House passes bill that provides financial aid to grandparents

A bill to provide financial aid to grandparents raising grandchildren passed the state House Monday and is headed to the Senate.

The help can't come soon enough for Kingman-area seniors struggling to raise kids a second time around, said Gloria Richhart, coordinator of the Kingman Grandparents Raising Grandkids support group.

While the bill (HB2424) caps aid at $2 million – an effective drop in the bucket of need – any assistance and recognition of the grandparents' toils is welcome, Richhart said.

Grandchildren come to live with their grandparents for many different reasons.

Chief among them is parents using drugs, abusing and neglecting their children.

The tales told at a recent Grandparents meeting at the Kathryn Heidenreich Adult Center are hair-raising.

After seeing abuse and neglect, grandparents ultimately feel compelled to step in and take over the care of their grandchildren.

"These children have been to war…they just feel unwanted and unloved," Richhart said.

Richhart estimates there are 3,000 Kingman area children being raised by grandparents.

Nationally, AARP reports six million grandchildren living with grandparents.

The grandparents either provide daycare for the grandchildren, have the grandchildren live with them without legal custody or have legal custody of the grandchildren.

Only those with legal custody are generally eligible for financial aid but often grandparents are wary of court battles for custody fearing they will lose what little oversight they have and destroy family relationships, Richhart said.

However, HB2424 will extend benefits (up to $250 a month) to grandparents based on the child's eligibility for TANF (Temporary Aid for Needy Families) funds.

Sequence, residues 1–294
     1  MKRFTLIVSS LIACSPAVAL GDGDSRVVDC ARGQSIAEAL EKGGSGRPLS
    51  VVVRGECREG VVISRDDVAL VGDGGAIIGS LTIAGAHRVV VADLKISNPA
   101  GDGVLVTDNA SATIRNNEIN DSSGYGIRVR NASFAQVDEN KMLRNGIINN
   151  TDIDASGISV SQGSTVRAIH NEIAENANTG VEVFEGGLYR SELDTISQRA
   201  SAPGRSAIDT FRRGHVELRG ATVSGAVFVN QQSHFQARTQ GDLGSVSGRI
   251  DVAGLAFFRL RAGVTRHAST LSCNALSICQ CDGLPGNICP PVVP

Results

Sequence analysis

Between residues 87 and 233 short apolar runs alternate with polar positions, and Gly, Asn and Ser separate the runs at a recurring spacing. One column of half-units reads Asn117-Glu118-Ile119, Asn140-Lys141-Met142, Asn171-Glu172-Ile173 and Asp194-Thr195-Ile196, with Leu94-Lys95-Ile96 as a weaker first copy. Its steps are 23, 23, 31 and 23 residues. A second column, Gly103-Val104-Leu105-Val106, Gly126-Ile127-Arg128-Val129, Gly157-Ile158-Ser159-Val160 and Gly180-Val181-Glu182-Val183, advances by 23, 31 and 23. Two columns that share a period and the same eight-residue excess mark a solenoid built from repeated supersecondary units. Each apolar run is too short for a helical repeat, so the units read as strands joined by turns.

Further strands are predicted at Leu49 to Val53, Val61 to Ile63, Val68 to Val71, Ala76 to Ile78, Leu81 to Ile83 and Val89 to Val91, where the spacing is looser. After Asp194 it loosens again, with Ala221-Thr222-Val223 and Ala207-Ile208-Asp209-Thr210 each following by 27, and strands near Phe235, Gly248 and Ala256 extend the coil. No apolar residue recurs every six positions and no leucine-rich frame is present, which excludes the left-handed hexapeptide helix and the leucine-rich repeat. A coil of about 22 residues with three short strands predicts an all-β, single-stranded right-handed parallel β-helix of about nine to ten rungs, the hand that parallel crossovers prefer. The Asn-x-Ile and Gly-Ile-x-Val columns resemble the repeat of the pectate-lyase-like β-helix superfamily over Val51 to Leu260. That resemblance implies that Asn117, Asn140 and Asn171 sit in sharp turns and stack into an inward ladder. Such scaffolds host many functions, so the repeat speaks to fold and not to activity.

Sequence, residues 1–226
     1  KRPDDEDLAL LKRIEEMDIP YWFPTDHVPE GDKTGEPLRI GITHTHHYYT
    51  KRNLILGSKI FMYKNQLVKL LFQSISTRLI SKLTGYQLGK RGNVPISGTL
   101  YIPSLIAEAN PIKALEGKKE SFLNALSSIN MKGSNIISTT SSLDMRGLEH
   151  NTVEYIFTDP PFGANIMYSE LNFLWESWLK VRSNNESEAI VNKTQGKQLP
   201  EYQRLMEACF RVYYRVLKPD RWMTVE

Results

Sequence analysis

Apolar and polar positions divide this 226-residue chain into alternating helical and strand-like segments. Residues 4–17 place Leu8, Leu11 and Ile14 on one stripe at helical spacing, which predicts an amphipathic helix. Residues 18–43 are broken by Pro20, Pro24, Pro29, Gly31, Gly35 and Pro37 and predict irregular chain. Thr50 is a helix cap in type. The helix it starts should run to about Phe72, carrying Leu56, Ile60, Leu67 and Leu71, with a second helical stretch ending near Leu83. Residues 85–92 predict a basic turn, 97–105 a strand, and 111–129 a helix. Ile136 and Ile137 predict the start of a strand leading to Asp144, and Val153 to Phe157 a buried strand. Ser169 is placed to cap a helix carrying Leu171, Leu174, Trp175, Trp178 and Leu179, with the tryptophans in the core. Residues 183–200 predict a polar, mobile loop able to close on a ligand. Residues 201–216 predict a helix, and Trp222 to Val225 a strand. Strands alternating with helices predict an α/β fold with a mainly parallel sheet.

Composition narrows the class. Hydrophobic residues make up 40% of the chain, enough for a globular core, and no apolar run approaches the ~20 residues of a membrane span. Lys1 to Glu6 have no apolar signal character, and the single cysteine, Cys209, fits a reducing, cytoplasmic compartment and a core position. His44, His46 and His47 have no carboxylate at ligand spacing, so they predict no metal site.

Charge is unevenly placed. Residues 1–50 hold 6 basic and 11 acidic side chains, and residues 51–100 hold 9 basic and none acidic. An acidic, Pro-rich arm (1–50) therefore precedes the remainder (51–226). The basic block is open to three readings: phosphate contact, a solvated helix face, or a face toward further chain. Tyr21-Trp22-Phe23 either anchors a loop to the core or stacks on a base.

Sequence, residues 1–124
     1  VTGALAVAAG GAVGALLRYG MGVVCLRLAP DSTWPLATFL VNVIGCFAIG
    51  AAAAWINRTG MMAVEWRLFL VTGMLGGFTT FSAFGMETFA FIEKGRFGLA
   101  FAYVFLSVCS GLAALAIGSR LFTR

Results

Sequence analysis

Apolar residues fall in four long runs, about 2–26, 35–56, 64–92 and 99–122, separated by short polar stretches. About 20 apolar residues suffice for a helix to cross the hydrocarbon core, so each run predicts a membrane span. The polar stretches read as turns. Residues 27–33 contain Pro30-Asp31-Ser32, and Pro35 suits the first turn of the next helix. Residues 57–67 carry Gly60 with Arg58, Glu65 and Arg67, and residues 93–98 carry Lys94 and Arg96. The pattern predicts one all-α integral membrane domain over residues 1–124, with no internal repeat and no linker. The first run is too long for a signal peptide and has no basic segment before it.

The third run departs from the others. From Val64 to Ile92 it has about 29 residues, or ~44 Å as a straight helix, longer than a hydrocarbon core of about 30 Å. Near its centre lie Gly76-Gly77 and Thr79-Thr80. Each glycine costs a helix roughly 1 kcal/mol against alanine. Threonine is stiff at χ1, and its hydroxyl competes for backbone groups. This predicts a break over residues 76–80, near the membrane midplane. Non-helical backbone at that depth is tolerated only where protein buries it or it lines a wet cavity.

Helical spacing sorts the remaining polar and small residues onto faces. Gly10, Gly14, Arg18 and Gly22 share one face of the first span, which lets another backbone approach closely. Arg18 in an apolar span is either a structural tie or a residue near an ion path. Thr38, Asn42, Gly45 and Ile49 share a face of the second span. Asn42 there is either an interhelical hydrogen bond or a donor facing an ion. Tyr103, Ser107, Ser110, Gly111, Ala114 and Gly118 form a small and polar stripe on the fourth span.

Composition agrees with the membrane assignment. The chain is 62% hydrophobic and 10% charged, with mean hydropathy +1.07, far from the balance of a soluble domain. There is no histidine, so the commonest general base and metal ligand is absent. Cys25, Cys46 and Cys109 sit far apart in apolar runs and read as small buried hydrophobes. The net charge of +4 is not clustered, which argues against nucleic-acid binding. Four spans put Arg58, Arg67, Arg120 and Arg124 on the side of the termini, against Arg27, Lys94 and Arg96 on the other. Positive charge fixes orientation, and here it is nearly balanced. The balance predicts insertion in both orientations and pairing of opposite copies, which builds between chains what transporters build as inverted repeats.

Richhart provides daycare for four grandchildren in addition to caring for her elderly mother.

This is not the way she pictured her retirement years.

"What happened to my golden years?" she said.

"They're gone.

Your retirement money goes down the tube; you have no social life, no professional life; you feel so left out."

Still, she said, her relationship with her grandchildren is worth the high price she pays.

Eleanor Fanire, a volunteer program coordinator for the Western Area Council of Governments who helps raise her granddaughter and attends Grandparents meetings, said she cherishes her time with her granddaughter.

"There's lots of rewards," she said.

But both women agree that grandparents need more legal rights in order to adequately protect their grandchildren.

"The system fails these children," Fanire said.

"It's a mess.

The kids are pawns and shuffled around."

When grandparents try to assert their rights, even just to claim the children on taxes, parents often threaten to take the child away.

"The laws need to change," Richhart said.

"The legislature says they don't want to be involved in family issues so these children are chattel.

The parents own them and no one else has rights."

The Grandparents group offers its members moral support as well as practical guidance.

The group works with a child advocate paralegal in Phoenix and has a former Superior Court clerk in Kingman who provides them with discounted paperwork.

The group meets on the first Wednesday of each month at the adult center.